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LUO, Donggen
Title:
Investigator
Office Phone: 62760611
Office Address: LUI CHE WOO BUILDING,Peking University, No.5 Yiheyuan Road, Haidian District,Beijing, P.R.China 100871
Lab Phone: 62768199
Lab Address: LUI CHE WOO BUILDING,Peking University, No.5 Yiheyuan Road, Haidian District,Beijing, P.R.China 100871
Lab Homepage: http://
Personal Homepage: http://
Resume
Books and Book Chapter
1. Luo DG, Su CY and Yau KW, Photoreceptors: Physiology. In Encyclopedia of Neuroscience, 2009, Vol. 7, (Ed. Squire, LR) Academic Press, pp. 677-686.
2. Luo DG, Kefalov VJ and Yau KW, Photrotransduction in rods and cones. In The Senses: A Comprehensive Reference, 2007, (Eds. Masland HR and Albright TD) Elsevier, pp 269-301.
Representative Peer-Reviewed Publications
1. Zhou Y, Cao LH, Sui XW, Guo XQ, and Luo DG. Mechanosensory circuits coordinate two opposing motor actions in Drosophila feeding. Science Advances 2019, 5: eaaw5141.

2. Li MT, Cao LH, Xiao N, Tang M, Deng B, Yang T, Yoshii T, and Luo DG. Hub-organized parallel circuits of central circadian pacemaker neurons for visual photoentrainment in Drosophila. Nature Communications 2018, 9: 4247.

3. Cao LH, Yang D, Wu W, Zeng X, Jing BY, Li MT, Qin SS, Tang C, Tu Y, and Luo DG. Odor-evoked inhibition of olfactory sensory neurons drives olfactory perception in Drosophila. Nature Communications 2017, 8: 1357.

4. Yue WW, Frederiksen R, Ren X, Luo DG, Yamashita T, Shichida Y, Cornwall MC, Yau KW. Spontaneous activation of visual pigments in relation to openness/closedness of chromophore-binding pocket. eLife, 2017, 6. pii: e18492.

5. Cao LH, Jing BY, Yang D, Zeng X, Shen Y, Tu Y and Luo DG. Distinct signaling of Drosophila chemoreceptors in olfactory sensory neurons. Proc. Natl. Acad. Sci. USA, 2016, 113, E902-E911.

6. Cao LH, Luo DG and Yau KW. Light responses of primate and other mammalian cones. Proc. Natl. Acad. Sci. USA, 2014, 111, 2752-2757.

7. Luo DG*, Yue WWs, Ala-Laurila P and Yau KW*. Activation of visual pigments by light and heat. Science, 2011, 332, 1037-1032. (*Co-corresponding Authors)

8. Fu Y*, Kefalov VJ*, Luo DG*, Xue T* and Yau KW. Quantal noise from human red cone pigment. Nature Neuroscience, 2008, 11, 565-571. (*Equal Contributions)

9. Luo DG, Xue T, and Yau KW. How vision begins: an odyssey. Proc. Natl. Acad. Sci. USA, 2008, 105, 9855-9862.

10. Su CY, Luo DG, Terakita A, Schichida Y, Liao HW, Kazmi MA, Sakamar TP and Yau KW. Parietal-eye phototransduction components and their potential evolutionary implications. Science, 2006, 311, 11617-11621.

11. Luo DG and Yau KW. Rod sensitivity of neonatal mouse and rat. J. Gen. Physiol., 2005, 126, 263-269.

12. Fu YB, Zhong HN, Wang MH, Luo DG, Liao HW, Maeda H, Hattar S, Frishman LJ and Yau KW. Intrinsically photosensitive retinal ganglion cells detect light with a Vitamin A-based photopigment, melanopsin. Proc. Natl. Acad. Sci. USA, 2005, 102, 10339-10344.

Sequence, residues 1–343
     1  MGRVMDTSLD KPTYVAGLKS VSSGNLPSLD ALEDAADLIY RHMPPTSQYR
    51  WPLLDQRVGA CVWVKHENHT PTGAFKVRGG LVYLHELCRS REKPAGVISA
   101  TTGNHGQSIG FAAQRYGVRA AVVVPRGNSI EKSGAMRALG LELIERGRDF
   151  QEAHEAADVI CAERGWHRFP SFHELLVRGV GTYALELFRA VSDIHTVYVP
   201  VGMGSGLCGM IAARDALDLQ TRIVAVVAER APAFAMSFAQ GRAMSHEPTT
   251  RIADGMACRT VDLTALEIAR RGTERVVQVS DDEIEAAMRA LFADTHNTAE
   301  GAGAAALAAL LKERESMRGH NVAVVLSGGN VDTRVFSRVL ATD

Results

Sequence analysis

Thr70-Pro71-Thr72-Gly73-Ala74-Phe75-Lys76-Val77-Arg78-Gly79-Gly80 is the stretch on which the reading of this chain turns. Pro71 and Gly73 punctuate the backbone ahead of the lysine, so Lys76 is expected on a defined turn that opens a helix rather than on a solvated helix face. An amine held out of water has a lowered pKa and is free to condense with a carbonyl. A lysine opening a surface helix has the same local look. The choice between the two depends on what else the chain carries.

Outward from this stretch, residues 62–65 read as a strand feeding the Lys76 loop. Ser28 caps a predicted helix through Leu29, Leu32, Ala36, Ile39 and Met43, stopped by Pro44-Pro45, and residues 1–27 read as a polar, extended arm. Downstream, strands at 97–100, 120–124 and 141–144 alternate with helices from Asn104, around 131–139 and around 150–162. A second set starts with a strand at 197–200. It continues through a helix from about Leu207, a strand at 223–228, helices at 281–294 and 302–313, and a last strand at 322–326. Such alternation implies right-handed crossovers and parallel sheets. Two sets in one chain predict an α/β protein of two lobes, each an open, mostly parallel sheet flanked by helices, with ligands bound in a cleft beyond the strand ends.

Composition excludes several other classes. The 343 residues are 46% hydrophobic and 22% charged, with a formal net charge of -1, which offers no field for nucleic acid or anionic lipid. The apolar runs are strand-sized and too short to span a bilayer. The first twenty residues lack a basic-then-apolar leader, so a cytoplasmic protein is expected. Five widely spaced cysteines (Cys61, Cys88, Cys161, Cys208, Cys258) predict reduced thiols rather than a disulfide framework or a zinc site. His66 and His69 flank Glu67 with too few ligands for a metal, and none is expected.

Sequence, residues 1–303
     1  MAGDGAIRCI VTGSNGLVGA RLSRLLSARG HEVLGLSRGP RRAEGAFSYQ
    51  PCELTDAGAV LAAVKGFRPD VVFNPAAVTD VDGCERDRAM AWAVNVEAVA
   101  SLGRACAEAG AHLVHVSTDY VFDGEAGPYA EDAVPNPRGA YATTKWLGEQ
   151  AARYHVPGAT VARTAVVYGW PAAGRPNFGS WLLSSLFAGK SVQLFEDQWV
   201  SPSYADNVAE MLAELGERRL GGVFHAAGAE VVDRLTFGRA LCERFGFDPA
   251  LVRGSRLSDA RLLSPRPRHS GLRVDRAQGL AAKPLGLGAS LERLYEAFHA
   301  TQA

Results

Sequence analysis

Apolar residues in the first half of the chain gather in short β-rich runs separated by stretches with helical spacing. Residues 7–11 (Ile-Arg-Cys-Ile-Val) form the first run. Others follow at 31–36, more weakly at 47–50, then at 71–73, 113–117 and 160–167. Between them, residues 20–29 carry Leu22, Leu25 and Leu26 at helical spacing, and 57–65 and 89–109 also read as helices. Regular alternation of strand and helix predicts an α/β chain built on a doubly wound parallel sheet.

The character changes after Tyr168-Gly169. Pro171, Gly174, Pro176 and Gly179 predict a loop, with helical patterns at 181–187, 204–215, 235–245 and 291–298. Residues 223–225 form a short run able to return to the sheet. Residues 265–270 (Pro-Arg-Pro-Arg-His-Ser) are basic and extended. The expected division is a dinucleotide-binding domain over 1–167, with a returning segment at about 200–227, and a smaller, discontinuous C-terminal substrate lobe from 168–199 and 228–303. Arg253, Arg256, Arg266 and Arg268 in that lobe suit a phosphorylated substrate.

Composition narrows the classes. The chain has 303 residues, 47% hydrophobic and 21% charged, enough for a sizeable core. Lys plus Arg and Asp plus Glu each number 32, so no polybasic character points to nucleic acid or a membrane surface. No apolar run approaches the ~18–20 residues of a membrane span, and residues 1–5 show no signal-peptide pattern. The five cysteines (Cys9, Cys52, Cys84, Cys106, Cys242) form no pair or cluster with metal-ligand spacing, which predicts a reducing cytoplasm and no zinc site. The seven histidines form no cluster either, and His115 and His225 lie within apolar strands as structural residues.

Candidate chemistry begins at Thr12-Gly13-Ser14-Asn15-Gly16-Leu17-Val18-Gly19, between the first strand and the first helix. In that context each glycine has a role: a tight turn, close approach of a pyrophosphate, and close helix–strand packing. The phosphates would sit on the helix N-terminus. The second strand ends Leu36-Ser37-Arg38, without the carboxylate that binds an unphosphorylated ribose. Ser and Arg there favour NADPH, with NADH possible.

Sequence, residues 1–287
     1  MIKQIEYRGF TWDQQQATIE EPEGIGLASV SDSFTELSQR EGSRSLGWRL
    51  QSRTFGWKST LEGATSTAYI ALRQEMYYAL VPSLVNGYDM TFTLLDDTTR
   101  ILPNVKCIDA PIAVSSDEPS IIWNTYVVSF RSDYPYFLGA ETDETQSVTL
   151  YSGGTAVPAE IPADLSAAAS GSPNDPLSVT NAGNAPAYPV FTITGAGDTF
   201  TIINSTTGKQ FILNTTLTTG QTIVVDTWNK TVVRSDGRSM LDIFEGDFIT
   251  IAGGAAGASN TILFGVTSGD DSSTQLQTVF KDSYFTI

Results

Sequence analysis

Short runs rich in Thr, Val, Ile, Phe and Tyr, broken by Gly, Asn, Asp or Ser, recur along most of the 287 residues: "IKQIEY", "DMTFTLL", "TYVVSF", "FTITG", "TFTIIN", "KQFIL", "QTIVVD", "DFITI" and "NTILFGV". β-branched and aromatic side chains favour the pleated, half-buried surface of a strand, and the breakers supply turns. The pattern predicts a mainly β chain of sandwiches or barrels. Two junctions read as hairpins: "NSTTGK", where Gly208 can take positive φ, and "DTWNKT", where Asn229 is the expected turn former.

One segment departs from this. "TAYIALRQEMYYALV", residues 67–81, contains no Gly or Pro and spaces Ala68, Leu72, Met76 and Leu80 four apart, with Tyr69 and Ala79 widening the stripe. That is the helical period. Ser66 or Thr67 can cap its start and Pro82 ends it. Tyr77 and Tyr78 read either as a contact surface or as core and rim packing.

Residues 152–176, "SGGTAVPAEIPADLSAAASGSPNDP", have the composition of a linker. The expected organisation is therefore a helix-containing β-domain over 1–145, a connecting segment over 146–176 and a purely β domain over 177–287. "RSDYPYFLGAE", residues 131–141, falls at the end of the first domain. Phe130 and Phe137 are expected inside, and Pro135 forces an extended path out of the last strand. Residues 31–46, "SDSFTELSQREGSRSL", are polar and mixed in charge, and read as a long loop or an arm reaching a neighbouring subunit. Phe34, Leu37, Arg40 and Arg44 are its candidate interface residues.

13. Huttl S, Michalakis S, Seeliger M, Luo DG, Acar N, Geiger H, Hudl K, Mader R, Haverkamp S, MOser M, Pfeifer A, Gerstner A, Yau KW and Beil M. Impaired channel targeting and retinal degeneration i mice lacking the cyclic nucleotide-gated channel subunit CNGB1. J. Neurosci., 2005, 25, 130-138.

14. Luo DG, Li GL and Yang XL. Zn2+ modulates light responses of color-opponent bipolar and amacrine cells in the carp retina. Brain Res. Bull., 2002, 58, 461-468.

15. Luo DG and Yang XL. Suppression by zinc of transient OFF responses of carp amacrine cells to red light is mediated by GABAa receptors. Brain Res., 2002, 958, 222-226.

16. Luo DG and Yang XL. Zn2+ differentially modulates signals from red- and short-wavelenth-sensitive cones to horizontal cells in carp reitna. Brain Res., 2001, 900, 95-102.

17. Xu HP, Luo DG and Yang XL. Signals from cone photoreceptors to L-tyoe horizontal cells are differntially modulated by low calcium in carp retina. Eur. J. Neurosci., 2001, 13, 1411-1419.
Laboratory Introduction


My laboratory is interested in the neural mechanisms underlying animal sensation and behavior. We study: 1) the molecular mechanisms of converting physical/chemical cues into neuronal responses, 2) the principles of sensory coding and processing, and 3) the circuits of rhythmic behaviors such as circadian clock, sleep/wake, and feeding.

 

We use a genetically-malleable species, Drosophila, wherein we can label and manipulate specific neurons, to understand sensation and behavior from molecules to circuits to behaviors. The genetic approach is accompanied by a state-of-the-art integrated investigation involving optogenetic/chemogenetic manipulation, circuit tracing, two-photon-based calcium imaging, behavioral test and in vivo multi-electrode patch-clamp recordings.